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UC-AFT Member Spotlight--Sasha Abramsky: The American Way of Poverty

Author of The American Way of Poverty, Nation Books September 2013

In your book you talk about affordable higher education as a solution to income inequality and poverty. How do you envision us achieving affordable higher education when the trend is the opposite?

Well, the first part of my book paints a portrait of poverty in modern day America. The second part of my book is about solutions. And one of the core aspects of this is in higher education.  Amongst my proposals is a new line in the tax code that would pre-fund college through an educational opportunity fund.  This would, initially, be funded through a .25% payroll tax deduction on employees and employers, which over the course of about a decade would scale up to 1%.  By allocating, at birth, each American child $5,000 to be invested in education accounts for use eighteen years later, we could generate about 20K for each student. At 1%, I estimate that a system such as this could ultimately pay the vast majority of most Americans' college expenses.  In using the principles of social insurance, we would make higher education far more affordable for Americans, in the same way as social security makes old age far less financially precarious.  

Another benefit of this plan is that if an individual doesn't go to college, the money that gets deducted would be added to their social security earnings, thus bolstering the retirement income of many of America's most vulnerable seniors.

How does your writing career influence your teaching, and vice versa?

I teach in the Writing Program at Davis.  My professional writing really helps keep me fresh, it helps in working out methods to impart to students, what it takes to write well and, eventually, to write good books. I get to share all of this with my students. And vice versa, working with students has a similar affect on my writing, helping me hone my own writing instincts as I explain narrative methods to my classes.  I also teach freshman seminars on poverty.  In those seminars, I have a lot of working class and immigrant students, students whose own families are directly impacted by many of the issues we discuss.  My classes are packed, and a lot of these students are actively working on poverty issues.  There's very good feedback loops there.  I learn from them, and they learn, I hope, from me.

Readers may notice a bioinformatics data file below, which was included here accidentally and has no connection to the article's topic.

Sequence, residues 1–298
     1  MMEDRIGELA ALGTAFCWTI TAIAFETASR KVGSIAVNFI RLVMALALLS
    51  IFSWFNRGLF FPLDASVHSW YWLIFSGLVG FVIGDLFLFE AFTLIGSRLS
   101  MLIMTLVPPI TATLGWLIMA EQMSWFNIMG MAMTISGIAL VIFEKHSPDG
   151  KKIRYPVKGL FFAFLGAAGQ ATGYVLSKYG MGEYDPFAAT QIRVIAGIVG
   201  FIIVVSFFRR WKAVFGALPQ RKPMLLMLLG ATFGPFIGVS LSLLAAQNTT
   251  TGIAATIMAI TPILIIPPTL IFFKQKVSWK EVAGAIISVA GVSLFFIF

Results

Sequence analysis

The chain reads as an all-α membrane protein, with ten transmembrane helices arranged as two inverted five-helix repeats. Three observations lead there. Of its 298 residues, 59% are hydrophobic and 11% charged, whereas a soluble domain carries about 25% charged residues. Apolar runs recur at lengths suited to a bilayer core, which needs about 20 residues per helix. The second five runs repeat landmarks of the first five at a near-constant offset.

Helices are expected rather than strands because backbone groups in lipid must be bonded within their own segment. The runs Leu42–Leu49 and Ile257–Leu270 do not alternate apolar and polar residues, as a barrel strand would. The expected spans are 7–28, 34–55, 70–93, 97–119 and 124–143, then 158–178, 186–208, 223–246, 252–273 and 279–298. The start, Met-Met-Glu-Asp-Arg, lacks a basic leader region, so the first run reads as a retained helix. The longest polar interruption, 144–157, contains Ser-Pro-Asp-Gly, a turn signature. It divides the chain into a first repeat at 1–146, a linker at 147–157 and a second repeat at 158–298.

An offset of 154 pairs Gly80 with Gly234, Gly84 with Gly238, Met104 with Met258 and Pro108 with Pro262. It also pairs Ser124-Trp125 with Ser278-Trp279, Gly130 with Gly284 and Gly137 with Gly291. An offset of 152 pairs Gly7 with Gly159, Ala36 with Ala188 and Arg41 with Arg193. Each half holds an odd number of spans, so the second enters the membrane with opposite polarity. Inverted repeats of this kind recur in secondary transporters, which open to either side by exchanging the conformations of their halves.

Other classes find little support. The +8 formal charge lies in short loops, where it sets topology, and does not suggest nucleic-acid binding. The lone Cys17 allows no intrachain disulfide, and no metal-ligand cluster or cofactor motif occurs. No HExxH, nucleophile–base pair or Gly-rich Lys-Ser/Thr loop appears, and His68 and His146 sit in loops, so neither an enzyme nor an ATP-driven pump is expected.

You've written books on our culture of incarceration and some of the societal costs of locking up all these people. Do you see a correlation in the rising costs of our prisons and the declining funding for education?

Yes.  California is the epicenter of this.  If you look at the graphs of spending obligations over the last 25-30 years you see two lines going in opposite directions. Prison spending has gone way up, and over the same time period higher education spending has gone way down.  If you look around out there, there are some really creative anit-crime initiatives that would be cheaper and more affective.  People like Kamala Harris, California's Attorney General, and David Onek, who recently ran for San Fransisco D.A., have ideas about this.  The policies that got us here, they haven't worked.  It's not a question of whether we're going to be tough on crime or soft; rather, it's a question of whether we're gonna be smart on crime, or stupid.  Stupid is way more expensive. Stupid, as in trying to incarcerate our way out of societal problems, is a terrible anti-crimes strategy; it costs a fortune, saps money from higher education, and all-but-guarantees that more people end up trapped in poverty.

As a member of our union, UC-AFT, what do you think about the role and importance of unions today?

In an era of uncertainty, about pensions, about healthcare benefits, about wages, and about social opportunity, having a union protect one's interests is something very valuable.  As the interviews in my book show, those without union representation are particularly vulnerable to having risk shifted onto them from their employers.  Historically, unions have helped millions of workers weather economic storms.  Their role today ought to be as important as it was in decades past.

The American Way of Poverty will be published by Nation Books on September 10.